For close to four decades, one Japanese company has been trusted to move silicon wafers around inside the factories of the world’s biggest chipmakers. Now it’s going back to the drawing board and redesigning its ubiquitous overhead conveyors to handle an "exponential” surge in data usage and global chip demand.

Daifuku Co. has over its 85 years in business gone from ferrying documents between offices and hospital wards to handling the world’s most delicate microelectronics, making the conveyor belts and boxes that zip across the ceilings of modern semiconductor plants. Those containers and rails, which shuttle chips to different parts of the fabrication process at speeds surpassing 5 meters per second, will need to bear 100 kilograms — five times their current load — within years, CEO Hiroshi Geshiro said.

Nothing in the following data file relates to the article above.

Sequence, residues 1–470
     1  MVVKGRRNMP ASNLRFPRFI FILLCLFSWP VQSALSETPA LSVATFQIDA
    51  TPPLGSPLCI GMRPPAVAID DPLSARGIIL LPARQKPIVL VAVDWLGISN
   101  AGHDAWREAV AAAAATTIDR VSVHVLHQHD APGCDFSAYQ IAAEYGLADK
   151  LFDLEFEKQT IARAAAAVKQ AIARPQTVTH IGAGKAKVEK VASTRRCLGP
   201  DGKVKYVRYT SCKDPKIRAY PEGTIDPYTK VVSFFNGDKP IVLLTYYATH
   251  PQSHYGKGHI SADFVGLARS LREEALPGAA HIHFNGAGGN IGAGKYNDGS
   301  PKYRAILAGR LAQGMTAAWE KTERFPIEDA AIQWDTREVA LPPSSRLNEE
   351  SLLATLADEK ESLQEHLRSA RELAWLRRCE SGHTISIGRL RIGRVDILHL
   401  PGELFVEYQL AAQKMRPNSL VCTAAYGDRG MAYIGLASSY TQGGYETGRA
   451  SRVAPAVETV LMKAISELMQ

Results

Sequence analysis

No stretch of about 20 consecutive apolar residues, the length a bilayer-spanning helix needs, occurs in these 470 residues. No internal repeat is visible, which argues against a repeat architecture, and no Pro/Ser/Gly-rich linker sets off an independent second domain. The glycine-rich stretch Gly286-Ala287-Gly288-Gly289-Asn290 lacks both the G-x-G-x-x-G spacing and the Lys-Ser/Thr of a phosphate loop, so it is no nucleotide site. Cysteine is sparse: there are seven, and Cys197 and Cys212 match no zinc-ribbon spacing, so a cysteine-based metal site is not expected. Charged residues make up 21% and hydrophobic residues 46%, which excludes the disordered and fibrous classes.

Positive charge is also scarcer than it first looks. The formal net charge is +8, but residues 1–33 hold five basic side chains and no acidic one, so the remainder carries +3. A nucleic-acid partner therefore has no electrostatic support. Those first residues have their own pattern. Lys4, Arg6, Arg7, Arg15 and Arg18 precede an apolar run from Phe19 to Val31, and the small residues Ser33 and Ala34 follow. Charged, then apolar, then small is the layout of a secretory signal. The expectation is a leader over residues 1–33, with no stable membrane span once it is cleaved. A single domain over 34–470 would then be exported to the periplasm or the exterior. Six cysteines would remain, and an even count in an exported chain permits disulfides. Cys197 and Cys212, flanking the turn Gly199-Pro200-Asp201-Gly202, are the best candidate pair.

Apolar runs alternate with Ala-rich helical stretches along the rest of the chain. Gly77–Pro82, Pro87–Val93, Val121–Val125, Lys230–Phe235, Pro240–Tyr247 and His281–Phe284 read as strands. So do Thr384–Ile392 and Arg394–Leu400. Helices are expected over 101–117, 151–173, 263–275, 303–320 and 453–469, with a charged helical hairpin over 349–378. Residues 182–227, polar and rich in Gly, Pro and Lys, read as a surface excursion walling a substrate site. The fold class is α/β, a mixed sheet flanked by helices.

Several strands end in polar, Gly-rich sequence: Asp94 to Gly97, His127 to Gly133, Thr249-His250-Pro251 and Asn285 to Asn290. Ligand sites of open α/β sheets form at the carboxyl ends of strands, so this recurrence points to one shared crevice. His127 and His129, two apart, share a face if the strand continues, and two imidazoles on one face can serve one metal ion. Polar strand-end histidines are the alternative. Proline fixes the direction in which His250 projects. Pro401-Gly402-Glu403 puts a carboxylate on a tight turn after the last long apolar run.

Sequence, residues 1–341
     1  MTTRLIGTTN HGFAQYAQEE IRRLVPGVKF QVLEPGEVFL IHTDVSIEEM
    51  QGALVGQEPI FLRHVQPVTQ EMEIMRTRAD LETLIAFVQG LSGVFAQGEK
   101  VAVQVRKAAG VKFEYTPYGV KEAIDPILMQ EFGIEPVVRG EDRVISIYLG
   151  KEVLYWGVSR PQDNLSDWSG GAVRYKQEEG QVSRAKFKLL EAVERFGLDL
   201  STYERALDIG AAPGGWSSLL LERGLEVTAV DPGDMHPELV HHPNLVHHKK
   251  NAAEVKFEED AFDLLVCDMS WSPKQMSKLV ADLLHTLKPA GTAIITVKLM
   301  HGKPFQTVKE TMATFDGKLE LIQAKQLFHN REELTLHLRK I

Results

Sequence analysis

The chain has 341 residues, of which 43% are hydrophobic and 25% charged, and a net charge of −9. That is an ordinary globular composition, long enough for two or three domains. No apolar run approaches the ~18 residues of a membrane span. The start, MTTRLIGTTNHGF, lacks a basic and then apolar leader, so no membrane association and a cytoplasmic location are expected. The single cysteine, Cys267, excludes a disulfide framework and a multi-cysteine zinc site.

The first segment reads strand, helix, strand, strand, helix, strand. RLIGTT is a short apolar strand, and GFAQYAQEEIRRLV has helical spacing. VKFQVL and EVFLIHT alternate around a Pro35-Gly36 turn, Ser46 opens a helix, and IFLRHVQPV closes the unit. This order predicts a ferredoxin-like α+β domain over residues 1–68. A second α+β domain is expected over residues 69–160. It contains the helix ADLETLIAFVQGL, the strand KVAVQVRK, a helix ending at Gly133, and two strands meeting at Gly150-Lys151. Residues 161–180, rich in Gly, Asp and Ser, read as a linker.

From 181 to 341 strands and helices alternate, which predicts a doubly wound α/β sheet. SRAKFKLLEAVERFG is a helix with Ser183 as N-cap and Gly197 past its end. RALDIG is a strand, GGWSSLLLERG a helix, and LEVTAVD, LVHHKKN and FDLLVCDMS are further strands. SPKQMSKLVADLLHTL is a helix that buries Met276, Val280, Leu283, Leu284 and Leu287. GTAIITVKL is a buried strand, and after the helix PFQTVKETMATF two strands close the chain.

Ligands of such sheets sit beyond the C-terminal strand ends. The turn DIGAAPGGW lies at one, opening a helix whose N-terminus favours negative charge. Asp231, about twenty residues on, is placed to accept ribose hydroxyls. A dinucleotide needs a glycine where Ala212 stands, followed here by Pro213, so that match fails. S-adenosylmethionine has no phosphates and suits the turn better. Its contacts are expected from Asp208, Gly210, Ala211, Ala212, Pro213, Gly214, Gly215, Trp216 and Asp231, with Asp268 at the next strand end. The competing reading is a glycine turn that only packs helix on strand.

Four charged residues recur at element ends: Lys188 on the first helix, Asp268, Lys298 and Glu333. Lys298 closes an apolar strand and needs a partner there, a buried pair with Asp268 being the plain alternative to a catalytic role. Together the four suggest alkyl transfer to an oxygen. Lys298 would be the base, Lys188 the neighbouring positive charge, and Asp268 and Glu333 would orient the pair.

Unable to view this article?

This could be due to a conflict with your ad-blocking or security software.

Please add japantimes.co.jp and piano.io to your list of allowed sites.

If this does not resolve the issue or you are unable to add the domains to your allowlist, please see out this support page.

We humbly apologize for the inconvenience.

In a time of both misinformation and too much information, quality journalism is more crucial than ever.
By subscribing, you can help us get the story right.